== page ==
Reserve Bank of Australia cuts interest rates for the third time this year
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Dollar/CAD benefitted nicely from a NY close above the 1.3230s yesterday and AUDUSD sales in the overnight session, and it has seen another thrust higher over the last hour after Canada reported weaker than expected GDP growth for the month of July (0.0% MoM vs +0.1%). Familiar chart resistance in the 1.3280s has reasserted itself however as traders now prepare for the September ISM Manufacturing report out of the US. The market consensus is looking for a read of 50.1.
NOV CRUDE OIL DAILY
Euro/dollar is trying to bounce this morning following slightly better than expected final reads on the September Manufacturing PMIs out of Germany (41.7 vs flash 41.4) and the Eurozone (45.7 vs flash 45.6), but sellers have appeared once again at trend-line resistance just above the 1.0900 level. We think the JGB influence on German bund yields this morning has been mildly supportive for EURUSD (more on this below). Over 1.6blnEUR in options expire at the 1.0945-55 strikes this morning, but we think they’re a ways off current prices to have much influence over prices. Expect some short covering in EURUSD however should the US ISM report surprise to the downside. The next resistance levels in EURUSD come in at the 1.0930s and the 1.0950s.
DEC GOLD DAILY
Sterling has broken trend-line chart support in the 1.2270s this morning as it appears traders are having a hard time believing Boris Johnson’s new plan to deal with the Irish backstop, which is now expected to be unveiled to the EU before Thursday this week. More here from EuroNews. This morning’s better than expected September Manufacturing PMI read for the UK (48.3 vs 47.0 expected) is also being brushed off by the markets because it was largely influenced by increased inventory building (new orders, output and employment measures all fell further). Traders are now wrestling with the next major chart support level in the 1.2220-30s. Similar to EURUSD, we think a weak read on US ISM at 10amET could allow the market to bounce.
The Reserve Bank of Australia caved to market demands again last night. Despite re-emphasizing that the Australian economy had reached a “gentle turning point” and that “employment has continued to grow strongly”, the RBA cut its cash interest rate again by 25bp to 0.75%, citing subdued inflation/wage growth, the 5.25% unemployment rate, the US-China trade dispute, and “forces leading to the trend to lower interest rates globally”. What is more, the Australian central bank kept further interest cuts on the table when discussing its forward outlook. “It is reasonable to expect that an extended period of low interest rates will be required in Australia to reach full employment and achieve the inflation target. The Board will continue to monitor developments, including in the labour market, and is prepared to ease monetary policy further if needed to support sustainable growth in the economy, full employment and the achievement of the inflation target over time.” RBA Governor Lowe spoke earlier this morning at an RBA Board dinner and referred to today’s interest rate cut as a “insurance cut”. He also took a page out of Mario Draghi’s playbook and said it was time for governments and business to step up and help arrest the decline in growth, not central banks.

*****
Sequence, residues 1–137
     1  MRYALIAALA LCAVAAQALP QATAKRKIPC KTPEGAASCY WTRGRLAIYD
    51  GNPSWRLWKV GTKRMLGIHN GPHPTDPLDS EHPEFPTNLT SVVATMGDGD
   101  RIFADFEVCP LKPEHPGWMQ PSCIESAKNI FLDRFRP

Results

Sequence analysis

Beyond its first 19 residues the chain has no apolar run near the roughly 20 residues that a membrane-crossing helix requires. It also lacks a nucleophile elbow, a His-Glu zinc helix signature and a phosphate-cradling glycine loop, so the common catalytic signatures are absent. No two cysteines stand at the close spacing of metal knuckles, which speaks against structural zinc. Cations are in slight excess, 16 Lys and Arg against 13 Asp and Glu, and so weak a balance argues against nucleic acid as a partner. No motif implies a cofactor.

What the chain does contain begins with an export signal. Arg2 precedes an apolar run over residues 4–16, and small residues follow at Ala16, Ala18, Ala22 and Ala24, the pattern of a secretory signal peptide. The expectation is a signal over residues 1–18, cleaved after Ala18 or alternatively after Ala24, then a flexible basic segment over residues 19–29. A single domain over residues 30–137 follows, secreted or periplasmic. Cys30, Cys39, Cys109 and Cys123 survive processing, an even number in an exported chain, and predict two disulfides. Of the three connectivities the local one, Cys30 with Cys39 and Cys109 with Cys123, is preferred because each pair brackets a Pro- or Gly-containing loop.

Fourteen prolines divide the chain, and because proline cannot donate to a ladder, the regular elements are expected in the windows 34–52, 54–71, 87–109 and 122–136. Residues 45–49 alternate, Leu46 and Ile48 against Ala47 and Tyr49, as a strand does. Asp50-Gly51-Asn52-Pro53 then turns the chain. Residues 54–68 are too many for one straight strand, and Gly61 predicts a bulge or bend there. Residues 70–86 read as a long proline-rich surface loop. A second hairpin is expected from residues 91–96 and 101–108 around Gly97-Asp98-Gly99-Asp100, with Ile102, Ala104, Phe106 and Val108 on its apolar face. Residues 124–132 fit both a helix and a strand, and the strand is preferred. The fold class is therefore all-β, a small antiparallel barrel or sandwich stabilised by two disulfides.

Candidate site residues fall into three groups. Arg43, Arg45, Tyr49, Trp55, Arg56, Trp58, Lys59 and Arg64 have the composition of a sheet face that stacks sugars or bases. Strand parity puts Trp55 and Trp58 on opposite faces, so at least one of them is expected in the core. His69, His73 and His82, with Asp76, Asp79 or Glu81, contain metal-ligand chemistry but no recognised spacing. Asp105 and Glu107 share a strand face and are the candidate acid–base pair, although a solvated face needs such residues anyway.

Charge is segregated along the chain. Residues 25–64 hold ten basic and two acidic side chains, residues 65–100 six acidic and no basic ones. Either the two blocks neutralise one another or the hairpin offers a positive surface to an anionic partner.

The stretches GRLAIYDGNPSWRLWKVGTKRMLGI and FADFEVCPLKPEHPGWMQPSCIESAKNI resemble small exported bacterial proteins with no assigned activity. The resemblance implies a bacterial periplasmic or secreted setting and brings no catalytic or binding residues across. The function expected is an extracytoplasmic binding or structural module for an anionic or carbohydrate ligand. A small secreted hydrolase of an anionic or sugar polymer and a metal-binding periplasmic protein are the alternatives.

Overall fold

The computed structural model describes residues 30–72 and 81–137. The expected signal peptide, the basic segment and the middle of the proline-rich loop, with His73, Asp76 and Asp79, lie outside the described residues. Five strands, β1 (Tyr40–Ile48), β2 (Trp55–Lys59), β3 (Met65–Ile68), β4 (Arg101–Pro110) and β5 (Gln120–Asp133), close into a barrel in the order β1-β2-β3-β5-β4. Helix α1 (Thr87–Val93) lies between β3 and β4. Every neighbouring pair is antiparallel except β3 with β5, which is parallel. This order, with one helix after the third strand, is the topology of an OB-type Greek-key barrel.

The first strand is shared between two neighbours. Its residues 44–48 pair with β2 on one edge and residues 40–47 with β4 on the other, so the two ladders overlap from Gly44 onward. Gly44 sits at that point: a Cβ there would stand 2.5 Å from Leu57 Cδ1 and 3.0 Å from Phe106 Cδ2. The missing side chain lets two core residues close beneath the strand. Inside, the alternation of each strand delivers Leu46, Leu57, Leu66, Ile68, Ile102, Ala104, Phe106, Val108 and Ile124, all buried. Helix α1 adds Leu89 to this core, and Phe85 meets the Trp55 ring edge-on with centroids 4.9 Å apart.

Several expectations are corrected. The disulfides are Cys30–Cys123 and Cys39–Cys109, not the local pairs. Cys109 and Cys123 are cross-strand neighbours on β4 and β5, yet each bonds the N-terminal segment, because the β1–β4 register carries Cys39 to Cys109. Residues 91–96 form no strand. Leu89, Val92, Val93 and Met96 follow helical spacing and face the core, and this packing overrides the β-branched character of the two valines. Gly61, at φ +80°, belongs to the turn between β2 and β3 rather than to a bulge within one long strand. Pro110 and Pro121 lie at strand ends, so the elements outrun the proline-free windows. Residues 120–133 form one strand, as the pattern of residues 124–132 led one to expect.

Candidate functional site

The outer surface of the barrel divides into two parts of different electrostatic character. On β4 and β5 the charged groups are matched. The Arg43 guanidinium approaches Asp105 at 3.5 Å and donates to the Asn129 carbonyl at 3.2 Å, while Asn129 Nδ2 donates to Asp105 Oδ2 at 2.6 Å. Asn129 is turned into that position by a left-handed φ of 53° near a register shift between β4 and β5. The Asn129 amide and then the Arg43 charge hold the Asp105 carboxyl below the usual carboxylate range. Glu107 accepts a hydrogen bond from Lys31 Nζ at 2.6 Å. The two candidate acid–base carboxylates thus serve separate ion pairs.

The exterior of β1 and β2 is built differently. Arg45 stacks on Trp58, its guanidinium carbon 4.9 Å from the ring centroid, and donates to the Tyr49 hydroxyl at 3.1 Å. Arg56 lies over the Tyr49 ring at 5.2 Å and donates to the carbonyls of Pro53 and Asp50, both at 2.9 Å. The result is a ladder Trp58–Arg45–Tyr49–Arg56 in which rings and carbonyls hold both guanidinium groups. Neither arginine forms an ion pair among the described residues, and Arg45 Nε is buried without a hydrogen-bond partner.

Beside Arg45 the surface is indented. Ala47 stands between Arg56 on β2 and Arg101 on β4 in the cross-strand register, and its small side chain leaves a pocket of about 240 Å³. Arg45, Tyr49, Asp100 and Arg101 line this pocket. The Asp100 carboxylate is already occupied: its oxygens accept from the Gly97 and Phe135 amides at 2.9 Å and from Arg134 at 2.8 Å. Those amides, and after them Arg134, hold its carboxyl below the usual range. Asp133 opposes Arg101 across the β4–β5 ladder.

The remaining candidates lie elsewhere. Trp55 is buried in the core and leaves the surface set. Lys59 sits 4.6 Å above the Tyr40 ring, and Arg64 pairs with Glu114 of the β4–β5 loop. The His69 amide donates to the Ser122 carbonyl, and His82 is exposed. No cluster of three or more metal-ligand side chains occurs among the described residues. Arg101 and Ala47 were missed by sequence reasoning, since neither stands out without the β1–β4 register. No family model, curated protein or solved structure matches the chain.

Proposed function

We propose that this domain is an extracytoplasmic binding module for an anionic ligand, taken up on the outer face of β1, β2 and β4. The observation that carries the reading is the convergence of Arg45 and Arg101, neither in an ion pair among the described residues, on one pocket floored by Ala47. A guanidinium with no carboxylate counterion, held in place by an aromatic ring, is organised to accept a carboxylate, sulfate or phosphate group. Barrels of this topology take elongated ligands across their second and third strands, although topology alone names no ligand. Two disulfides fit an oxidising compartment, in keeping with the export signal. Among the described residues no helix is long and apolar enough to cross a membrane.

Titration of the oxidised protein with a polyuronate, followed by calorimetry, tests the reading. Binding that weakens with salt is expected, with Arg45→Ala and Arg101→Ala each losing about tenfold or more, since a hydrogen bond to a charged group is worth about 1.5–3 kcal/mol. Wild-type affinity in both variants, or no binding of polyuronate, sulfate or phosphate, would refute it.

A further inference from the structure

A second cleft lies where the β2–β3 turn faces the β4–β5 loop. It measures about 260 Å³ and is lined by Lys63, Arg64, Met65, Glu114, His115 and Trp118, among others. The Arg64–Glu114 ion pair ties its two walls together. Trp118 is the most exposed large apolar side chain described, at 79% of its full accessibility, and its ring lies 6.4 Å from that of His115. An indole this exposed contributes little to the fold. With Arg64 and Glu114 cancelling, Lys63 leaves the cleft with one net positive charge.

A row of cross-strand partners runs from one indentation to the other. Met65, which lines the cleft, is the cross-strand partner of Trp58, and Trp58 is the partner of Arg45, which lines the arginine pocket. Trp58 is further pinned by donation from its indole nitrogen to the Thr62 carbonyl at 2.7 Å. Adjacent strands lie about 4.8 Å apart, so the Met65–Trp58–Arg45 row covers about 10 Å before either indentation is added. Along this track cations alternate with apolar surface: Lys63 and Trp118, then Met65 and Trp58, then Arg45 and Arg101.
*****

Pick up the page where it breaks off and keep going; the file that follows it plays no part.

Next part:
The Australian dollar is not taking well to the news and has collapsed through two chart support levels in overnight trade. AUDUSD has now also just broken chart support in the 0.6690 area, and we think the funds (who covered AUD short positions in recent weeks) are likely chasing the market lower here. The OIS market is now pricing in a 57% chance that the RBA will cut interest rates for the fourth time this year on November 5th.
It’s truly remarkable to us how central banks continue to justify their stubborn inflation and unemployment rate mandates as justification for the continued use of recession-type monetary policy measures. Money markets are not concerned about these measures in the slightest in our opinion. They’re concerned about something far worse but no central banker in the world will admit it.
Dollar/yen continued higher to trend-line resistance in the 108.40s during overnight trade, but this time it’s been led by a surge in JGB bond yields. The most obvious catalyst was Japan’s latest 10-yr JGB bond auction, which had a very poor turnout earlier today (bid-to-cover ratio at 3.42, the lowest since 2016). But why? We’ve heard reports that Japan’s Government Pension Investment Fund (GPIF) said it will consider currency-hedged overseas bond holdings, as it’s already close to the 19% limit in its current mandate. We’re also hearing this could be investor angst following the BOJ’s decision on Monday to once again “tweak” the amount and frequency of bond purchases it makes at the long end of the curve (this wasn’t market moving news at the time though). The steep selloff in Japanese bonds caused Japan’s Securities Clearing Corp to reportedly issue margin calls, which in turn led to further selling, leaving the benchmark JGB bond yield a whopping 7-8bp higher from yesterdays’ close. This JGB yield move is driving US and German yields higher too this morning. Next up is the US ISM Manufacturing PMI for September at 10amET, where traders are expecting a read of 50.1. We still think a strong move above the 108.40s in USDJPY could usher in a longer-term, positive, trend change for the market.
JAPAN 10YR BOND YIELD DAILY
Charts: Reuters Eikon
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